Phil Hughes © Getty Images
Phil Hughes was only 25 when he died © Getty Images

One day after Phillip Hughes’ tragic demise, international cricket saw as many as four matches being played. Despite the universal grief, the proverbial show did go on. Shiamak Unwalla observes how cricket went on despite all the anguish. READ: Phillip Hughes: Rest in peace

It has been just a day since the cricketing world was plunged into a collective wave of sorrow. Tributes poured in from every corner imaginable; Afghanistan and UAE observed a minute’s silence before their match. Singapore cricket Tweeted a picture of a bat and a cap with the hashtag #putyourbatsout; even Rafael Nadal — a Spaniard with no cricketing connections whatsoever  —tweeted “Shocked about the news of Oz’s cricketer Phil Hughes. My thoughts with the family and the cricket fans [sic].”

But Cricket went on.

Four international matches were played a day after Hughes passed away. The third Test between Pakistan and New Zealand resumed after play on Day Two was called off. Bangladesh met Zimbabwe in the fourth One-Day International (ODI). India Women hosted South Africa Women for the third ODI. UAE and Afghanistan began their ODI series. READ: Hughes’ funeral: Bidding adieu to the “little” giant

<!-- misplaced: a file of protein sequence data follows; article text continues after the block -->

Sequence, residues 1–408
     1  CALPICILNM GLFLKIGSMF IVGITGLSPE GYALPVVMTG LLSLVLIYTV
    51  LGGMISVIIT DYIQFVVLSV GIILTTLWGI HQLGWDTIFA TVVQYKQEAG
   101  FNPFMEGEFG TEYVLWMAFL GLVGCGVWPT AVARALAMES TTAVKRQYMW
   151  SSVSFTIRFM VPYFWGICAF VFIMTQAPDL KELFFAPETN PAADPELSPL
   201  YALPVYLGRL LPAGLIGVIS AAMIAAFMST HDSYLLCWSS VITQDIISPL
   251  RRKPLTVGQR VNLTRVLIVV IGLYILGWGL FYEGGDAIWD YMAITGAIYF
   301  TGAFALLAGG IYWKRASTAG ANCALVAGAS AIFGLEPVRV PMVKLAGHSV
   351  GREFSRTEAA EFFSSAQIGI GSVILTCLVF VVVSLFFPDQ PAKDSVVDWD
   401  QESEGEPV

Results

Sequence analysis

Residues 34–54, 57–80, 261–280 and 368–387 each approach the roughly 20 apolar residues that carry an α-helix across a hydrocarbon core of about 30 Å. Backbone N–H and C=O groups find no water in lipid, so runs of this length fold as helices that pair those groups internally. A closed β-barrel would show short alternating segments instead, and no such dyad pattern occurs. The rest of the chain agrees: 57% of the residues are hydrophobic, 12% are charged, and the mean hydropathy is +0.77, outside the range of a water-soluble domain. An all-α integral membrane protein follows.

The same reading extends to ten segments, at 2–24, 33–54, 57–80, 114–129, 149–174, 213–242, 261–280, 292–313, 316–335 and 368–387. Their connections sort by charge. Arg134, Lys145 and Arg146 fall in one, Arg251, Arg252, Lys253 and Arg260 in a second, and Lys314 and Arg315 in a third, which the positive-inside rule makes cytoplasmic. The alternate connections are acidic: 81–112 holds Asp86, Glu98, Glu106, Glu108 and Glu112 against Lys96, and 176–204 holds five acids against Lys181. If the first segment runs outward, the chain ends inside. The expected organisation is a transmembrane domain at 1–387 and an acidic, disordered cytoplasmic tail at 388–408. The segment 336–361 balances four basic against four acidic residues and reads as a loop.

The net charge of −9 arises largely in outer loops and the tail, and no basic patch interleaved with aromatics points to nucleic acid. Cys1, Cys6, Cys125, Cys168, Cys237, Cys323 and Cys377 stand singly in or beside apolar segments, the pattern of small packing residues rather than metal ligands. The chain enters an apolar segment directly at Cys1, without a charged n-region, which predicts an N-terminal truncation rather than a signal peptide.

New Zealand were perhaps the team most visibly affected. They put out their bats on the boundary line, wore black armbands, and hand-wrote the letters “PH” beneath the Fern on their left chests. Most significantly, they played hard, but the general mood was sombre. Misbah-ul-Haq was out in the fourth over of the morning, edging Tim Southee to wicketkeeper BJ Watling.

If one had not been watching the match very closely, they could well have been forgiven for thinking it was just another dot ball. Misbah walked off without a change in expression; Tim Southee just walked up to the ‘keeper on his follow-through, and Brendon McCullum wore a look that showed no happiness.

One after another, the Pakistani batsmen kept getting out. It almost seemed that their minds had drifted to a parallel world. The fielders were taking catches without any display of emotion. There was some good cricket on display, but the players themselves were clearly not savouring it. McCullum went on to score the fastest hundred for a New Zealander, but there was hardly any celebration. READ: Thank you, Brendon McCullum

Hughes was much loved; of that there is no doubt. His passing has touched thousands of people, even those with no direct relation to the game. A day after his death, he remains at the forefront of all things cricket. But the game went on. Their hearts were not really in it, but the cricketers played on.

Four international matches were played a day after his passing; four highly competitive, engaging contests. Cricket went on. But with a heavy heart. Complete coverage of Phil Hughes’ tragic demise

(Shiamak Unwalla, a reporter with CricketCountry, is a self-confessed Sci-Fi geek and cricket fanatic. You can follow him on Twitter @ShiamakUnwalla)